It’s been a little over a year since the coronavirus pandemic reached the United States. During the last year, there have been numerous studies conducted on this novel virus and how it affects the body’s different systems. From a neurological perspective, there have been several studies that have found evidence that the SARS-CoV-2 virus is able to invade the brain and central nervous system. When this happens, it can cause immediate symptoms such as headaches, muscle pain, encephalopathy, dizziness, dysgeusia, and anosmia. In rare cases, the virus also caused stroke, motor and sensory deficits, mobility disorders, seizures, and ataxia.
It is not yet known what the long-term effect of the virus is to the brain and central nervous system. However, scientists believe that there could be neurological consequences of the virus that may not arise until after the virus has passed. Specifically, one of these consequences is viral-associated parkinsonism. The potential relationship between COVID-19 and parkinsonism is explored in “Parkinsonism as a Third Wave of COVID-19 Pandemic?” published by researchers associated with the Florey Institute of Neuroscience and Mental Health, as well as various other related affiliations.
Before getting too far into the article, we must first establish the difference between Parkinson’s disease (PD) and Parkinsonism. Parkinson’s disease is a neurodegenerative disorder that mostly affects dopamine-producing neurons in the substantia nigra region of the brain. As a result, tremors, bradykinesia, limb rigidity, and problems with gait and balance tend to develop and progress slowly over years. Parkinsonism, on the other hand, is a term used to describe neurological conditions that have symptoms that mimic those of PD. Unlike PD, these conditions tend to progress faster, do not respond to traditional PD treatment, and are accompanied by additional symptoms not seen in those with PD.
While the exact cause of PD and parkinsonism are unknown, the article notes that genetic susceptibility to environmental factors have been postulated as a potential contributing factor. Specifically, viruses that are able to enter the nervous system may cause transient and permanent parkinsonism. This is based upon the fact that after the 1918 influenza pandemic, there was a wave of viral encephalopathy that increased the risk of parkinsonism by 2-3 times. Furthermore, a variety of other viruses have been associated with acute and chronic parkinsonism, including: Coxsackie, Japanese encephalitis B, West Nile, western equine encephalitis, herpes, and those that lead to HIV.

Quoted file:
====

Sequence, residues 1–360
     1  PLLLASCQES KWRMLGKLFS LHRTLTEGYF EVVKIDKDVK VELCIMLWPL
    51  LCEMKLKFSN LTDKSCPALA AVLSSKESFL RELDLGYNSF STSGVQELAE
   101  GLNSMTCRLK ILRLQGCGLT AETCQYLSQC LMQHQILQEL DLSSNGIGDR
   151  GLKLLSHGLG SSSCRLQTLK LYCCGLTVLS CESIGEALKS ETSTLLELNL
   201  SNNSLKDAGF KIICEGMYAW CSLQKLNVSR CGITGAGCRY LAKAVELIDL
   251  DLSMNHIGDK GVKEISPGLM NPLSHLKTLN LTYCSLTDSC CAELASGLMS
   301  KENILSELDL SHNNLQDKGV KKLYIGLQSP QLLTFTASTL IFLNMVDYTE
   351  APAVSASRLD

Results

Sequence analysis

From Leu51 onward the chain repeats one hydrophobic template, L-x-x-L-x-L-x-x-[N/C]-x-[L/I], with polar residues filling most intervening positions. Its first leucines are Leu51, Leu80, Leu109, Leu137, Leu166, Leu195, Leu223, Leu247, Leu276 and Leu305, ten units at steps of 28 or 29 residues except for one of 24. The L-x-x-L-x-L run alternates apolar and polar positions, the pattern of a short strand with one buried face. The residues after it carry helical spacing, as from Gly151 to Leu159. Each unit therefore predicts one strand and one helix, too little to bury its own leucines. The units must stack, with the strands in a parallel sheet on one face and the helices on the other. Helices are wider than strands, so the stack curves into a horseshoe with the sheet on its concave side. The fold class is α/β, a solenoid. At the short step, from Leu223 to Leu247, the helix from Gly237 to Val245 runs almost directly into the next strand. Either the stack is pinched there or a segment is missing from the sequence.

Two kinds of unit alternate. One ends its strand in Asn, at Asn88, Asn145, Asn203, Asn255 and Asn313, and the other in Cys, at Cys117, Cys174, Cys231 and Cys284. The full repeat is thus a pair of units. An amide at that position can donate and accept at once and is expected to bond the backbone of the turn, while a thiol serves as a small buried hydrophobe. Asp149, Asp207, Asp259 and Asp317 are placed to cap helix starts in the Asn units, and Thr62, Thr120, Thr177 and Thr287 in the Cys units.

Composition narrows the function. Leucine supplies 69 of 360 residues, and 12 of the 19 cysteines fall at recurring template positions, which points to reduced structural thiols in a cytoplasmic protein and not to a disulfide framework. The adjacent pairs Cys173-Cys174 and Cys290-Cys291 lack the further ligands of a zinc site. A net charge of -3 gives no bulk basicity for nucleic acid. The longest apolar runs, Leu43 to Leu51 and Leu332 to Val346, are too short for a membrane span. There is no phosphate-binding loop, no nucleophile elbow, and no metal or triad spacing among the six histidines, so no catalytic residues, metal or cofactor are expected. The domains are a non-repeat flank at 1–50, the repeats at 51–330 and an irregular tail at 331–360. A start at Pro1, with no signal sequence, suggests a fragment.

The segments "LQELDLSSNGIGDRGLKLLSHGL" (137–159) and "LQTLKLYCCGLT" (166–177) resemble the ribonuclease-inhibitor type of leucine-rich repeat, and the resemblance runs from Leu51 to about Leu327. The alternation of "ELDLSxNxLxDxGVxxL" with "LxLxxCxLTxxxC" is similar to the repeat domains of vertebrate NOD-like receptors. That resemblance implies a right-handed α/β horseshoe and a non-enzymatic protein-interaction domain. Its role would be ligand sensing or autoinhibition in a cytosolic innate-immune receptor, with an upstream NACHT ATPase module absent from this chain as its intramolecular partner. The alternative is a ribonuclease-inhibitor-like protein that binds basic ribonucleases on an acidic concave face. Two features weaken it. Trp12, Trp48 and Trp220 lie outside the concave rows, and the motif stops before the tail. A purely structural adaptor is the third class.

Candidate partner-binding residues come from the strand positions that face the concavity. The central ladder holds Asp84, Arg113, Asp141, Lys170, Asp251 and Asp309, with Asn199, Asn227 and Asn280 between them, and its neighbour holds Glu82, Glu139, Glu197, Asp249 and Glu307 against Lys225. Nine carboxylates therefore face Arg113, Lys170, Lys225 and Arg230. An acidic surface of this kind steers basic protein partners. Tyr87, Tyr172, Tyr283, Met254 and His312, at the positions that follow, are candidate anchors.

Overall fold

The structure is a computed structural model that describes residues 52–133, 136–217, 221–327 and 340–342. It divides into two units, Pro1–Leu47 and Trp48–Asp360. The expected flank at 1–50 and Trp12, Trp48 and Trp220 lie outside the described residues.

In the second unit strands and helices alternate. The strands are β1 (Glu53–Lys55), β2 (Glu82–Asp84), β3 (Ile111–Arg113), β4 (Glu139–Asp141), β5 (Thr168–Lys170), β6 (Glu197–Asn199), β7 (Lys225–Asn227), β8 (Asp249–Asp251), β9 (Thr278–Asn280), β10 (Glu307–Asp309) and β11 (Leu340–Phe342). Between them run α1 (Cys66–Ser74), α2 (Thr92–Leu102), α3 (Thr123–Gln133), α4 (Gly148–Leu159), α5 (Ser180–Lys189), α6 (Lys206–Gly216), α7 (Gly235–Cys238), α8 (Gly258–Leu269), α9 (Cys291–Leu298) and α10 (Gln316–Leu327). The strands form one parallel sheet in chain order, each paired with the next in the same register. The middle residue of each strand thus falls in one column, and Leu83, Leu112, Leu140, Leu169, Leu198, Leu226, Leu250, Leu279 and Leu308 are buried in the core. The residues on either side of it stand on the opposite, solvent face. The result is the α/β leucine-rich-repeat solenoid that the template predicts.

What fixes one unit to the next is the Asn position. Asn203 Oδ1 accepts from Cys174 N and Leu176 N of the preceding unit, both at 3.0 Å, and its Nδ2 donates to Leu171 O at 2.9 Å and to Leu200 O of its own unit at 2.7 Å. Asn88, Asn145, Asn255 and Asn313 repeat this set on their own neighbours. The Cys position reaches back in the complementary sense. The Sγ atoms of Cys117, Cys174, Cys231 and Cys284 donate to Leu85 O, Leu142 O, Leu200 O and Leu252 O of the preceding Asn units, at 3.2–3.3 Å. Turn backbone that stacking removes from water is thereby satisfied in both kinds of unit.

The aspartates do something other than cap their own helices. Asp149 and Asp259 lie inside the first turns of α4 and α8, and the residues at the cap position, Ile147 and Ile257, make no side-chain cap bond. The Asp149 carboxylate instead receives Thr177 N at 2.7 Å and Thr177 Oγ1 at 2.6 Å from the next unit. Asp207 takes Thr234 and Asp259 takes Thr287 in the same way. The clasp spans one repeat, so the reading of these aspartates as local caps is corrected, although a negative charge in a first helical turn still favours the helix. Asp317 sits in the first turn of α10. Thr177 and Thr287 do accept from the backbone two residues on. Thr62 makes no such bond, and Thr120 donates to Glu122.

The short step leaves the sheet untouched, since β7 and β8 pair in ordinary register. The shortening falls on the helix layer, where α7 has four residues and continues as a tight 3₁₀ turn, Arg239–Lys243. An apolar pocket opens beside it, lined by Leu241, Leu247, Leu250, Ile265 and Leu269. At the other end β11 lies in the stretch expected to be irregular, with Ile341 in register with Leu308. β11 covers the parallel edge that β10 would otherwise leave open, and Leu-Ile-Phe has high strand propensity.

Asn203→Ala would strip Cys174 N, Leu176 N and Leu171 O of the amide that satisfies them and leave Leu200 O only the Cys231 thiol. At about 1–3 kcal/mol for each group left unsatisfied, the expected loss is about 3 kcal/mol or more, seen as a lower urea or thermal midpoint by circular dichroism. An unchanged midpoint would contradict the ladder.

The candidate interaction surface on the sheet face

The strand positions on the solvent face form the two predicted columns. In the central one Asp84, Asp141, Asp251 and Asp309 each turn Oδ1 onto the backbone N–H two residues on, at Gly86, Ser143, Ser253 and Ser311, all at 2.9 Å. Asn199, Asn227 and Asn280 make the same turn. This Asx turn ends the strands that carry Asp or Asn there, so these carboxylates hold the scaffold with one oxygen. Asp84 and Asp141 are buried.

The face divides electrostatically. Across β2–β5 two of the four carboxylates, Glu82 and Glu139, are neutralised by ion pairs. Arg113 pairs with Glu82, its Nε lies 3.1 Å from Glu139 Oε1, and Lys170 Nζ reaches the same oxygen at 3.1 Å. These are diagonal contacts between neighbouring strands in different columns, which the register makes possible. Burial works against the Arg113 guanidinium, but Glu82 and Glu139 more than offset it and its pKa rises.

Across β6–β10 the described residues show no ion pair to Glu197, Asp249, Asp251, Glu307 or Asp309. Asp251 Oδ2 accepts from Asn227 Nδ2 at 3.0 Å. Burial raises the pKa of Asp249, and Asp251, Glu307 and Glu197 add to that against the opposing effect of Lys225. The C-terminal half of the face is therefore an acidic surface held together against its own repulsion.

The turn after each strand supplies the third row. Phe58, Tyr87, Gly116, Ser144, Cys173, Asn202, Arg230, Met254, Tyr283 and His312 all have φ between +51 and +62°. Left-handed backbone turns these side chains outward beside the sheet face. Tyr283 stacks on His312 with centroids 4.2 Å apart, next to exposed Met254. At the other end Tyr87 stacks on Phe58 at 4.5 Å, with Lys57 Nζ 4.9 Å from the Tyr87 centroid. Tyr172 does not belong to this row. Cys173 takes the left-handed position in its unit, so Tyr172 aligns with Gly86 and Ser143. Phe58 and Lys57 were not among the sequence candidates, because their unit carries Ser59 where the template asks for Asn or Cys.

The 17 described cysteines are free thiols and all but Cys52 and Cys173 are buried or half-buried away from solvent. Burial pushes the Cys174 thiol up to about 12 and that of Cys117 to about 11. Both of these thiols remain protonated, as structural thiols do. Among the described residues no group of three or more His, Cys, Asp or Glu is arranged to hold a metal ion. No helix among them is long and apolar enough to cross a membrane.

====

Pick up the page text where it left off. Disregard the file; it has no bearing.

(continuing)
The article continues by discussing the role neuroinflammation plays in relation to parkinsonism. Neuroinflammation is a fancy way of saying that the brain becomes inflamed due to the body’s natural defense against a virus. Studies have shown that inflamed areas of the brain are also areas where the brain has degenerated. At this time, it is not known whether inflammation causes the degeneration or if the degeneration causes the inflammation. Regardless, when there is inflammation in the brain, it affects the way the central nervous system operates. In fact, research indicates that dopamine-producing neurons are especially affected by chronic brain inflammation, which is one factor that links infectious diseases with the brain degeneration associated with PD or parkinsonism.
Although past viruses have been linked to parkinsonism, it is not yet known if COVID-19 will spark a wave of parkinsonism. Nevertheless, it is important to note that there is a potential link for this to happen based on past research. For this reason, the article advocates regular long-term neurological follow up for those who have had the virus. This is because most cases of PD and parkinsonism are based on clinical presentation of a movement disorder, which occurs in the late stages of the disease. The hope is that regular neurological screenings, as well as blood tests for neurofilament light chain for signs of neurodegeneration, will lead to earlier diagnosis with better patient outcomes.
Dr. Kashouty, a diplomate of the American Board of Psychiatry and Neurology (ABPN), practices general neurology with fellowship trained specialization in clinical neurophysiology. Dr. Kashouty finds the form and function of the nerves and muscles the most interesting part of neurology, which is what led him to specialize in neurophysiology with more emphasis on neuromuscular conditions. He treats all neurological diseases, but his main focus is to treat and manage headaches, movement disorders and neuromuscular diseases.